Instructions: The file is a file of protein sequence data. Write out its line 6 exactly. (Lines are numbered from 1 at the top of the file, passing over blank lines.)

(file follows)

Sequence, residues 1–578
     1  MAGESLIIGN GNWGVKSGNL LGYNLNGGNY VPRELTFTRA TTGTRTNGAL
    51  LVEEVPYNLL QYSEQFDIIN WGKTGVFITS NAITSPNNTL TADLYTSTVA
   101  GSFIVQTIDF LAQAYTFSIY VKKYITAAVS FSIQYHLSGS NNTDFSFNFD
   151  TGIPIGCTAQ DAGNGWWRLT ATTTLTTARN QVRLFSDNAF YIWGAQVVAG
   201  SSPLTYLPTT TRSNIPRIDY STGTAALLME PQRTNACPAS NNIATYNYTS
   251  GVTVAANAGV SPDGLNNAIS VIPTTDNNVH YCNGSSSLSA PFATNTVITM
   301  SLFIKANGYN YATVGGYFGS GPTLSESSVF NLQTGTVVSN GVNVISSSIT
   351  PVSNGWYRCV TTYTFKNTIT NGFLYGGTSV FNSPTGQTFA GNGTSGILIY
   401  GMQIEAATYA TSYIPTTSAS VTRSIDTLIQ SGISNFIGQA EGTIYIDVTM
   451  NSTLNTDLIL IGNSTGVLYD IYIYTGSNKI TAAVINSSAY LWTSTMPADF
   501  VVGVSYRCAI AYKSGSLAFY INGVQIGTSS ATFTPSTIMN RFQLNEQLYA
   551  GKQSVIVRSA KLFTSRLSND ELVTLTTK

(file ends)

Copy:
   201  SSPLTYLPTT TRSNIPRIDY STGTAALLME PQRTNACPAS NNIATYNYTS